Postmodern Space, Postcolonial Resistance, '99 -- Postmodernism -- Literary Criticism -- IACD
Edward Soja
Soja, Edward. "Reassertions: Towards a Spatialized Ontology." Postmodern Geographies. London: Verso, 1989. 118-137.
Leonora Yang
Thesis: To recover [spatiality] from the historicist devaluation, to make space visible again as a fundamental referent of social being, requires a rethinking not only of the concreteness of capitalist spatial practices but also of the philosophizing abstractions of modern ontology and epistemology (119-20).

   I. Materiality and Illusion in the Conceptualization of Space
   Definition/premises of spatiality:
1. Spatiality is a substantiated and recognizable social product, part of a "second nature" which incorporates as it socializes and transforms both physical and psychological spaces.

2. As a social product, spatiality is simultaneously the medium and outcome, presupposition and embodiment, of social action and relationship.  3. The spatial-temporal structuring of social life defines how social action and relationship (including class relations) are materially constituted, made concrete.  4. The constitution/concretization process is problematic, filled with contradiction and struggle (amidst much that is recursive and routinized).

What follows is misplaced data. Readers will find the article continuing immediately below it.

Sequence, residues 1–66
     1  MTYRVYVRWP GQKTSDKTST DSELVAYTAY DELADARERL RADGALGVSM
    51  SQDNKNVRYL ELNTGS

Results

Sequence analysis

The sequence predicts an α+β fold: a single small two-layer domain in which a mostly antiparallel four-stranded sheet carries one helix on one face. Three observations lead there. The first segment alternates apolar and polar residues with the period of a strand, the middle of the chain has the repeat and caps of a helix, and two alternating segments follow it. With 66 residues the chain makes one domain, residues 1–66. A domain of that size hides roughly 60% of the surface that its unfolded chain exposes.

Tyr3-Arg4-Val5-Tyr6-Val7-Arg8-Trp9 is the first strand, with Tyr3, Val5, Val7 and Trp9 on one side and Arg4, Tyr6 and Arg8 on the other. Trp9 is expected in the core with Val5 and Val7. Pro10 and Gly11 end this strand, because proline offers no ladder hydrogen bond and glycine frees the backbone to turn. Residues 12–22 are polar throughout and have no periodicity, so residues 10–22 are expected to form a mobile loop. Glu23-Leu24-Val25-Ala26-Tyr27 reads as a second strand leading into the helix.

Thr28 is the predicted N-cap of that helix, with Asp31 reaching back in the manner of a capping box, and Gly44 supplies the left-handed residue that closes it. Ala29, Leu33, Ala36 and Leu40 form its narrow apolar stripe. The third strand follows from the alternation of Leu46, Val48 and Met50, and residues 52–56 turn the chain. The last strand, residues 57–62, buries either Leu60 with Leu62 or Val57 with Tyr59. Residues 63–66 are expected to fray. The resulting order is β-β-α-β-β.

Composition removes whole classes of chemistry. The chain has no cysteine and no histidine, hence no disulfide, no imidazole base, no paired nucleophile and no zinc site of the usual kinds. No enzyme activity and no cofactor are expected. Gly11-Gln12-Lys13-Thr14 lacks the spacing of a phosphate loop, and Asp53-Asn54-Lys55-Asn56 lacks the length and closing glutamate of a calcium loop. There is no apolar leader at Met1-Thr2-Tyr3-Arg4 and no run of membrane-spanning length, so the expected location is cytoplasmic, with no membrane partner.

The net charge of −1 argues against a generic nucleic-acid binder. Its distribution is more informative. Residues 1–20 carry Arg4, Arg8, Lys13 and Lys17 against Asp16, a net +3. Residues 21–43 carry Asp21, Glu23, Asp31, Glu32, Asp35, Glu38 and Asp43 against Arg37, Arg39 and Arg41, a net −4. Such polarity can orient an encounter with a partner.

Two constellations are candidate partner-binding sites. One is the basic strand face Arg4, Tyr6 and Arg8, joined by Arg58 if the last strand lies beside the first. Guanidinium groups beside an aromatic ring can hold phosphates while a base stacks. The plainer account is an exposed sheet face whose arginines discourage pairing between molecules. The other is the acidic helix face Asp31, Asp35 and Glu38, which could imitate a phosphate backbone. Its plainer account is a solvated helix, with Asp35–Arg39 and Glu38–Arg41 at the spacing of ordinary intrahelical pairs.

5. Contradictions arise primarily from the duality of produced space as both outcome/embodiment/product and medium/presupposition/producer of social activity.

 6. Concrete spatiality--actual human geography--is thus a competitive arena for struggles over social production and reproduction, for social practices aimed either at maintenance and reinforcement of existing spatiality or at significant restructuring and/or radical transformation.

 7. The temporality of social life, from routines and events of day-to-day activity to the longer-run making of history, is rooted in spatial contingency in much the same way as the spatiality of social life is rotted in temporal/historical contingency.

 8. The materialist interpretation of history and the materialist interpretation of geography are inseparably intertwined and theoretically concomitant, with no inherent prioritization of one over the other.   II. Spatialized Ontology (the meta-theoretical discourse): on the Existential Spatiality of Being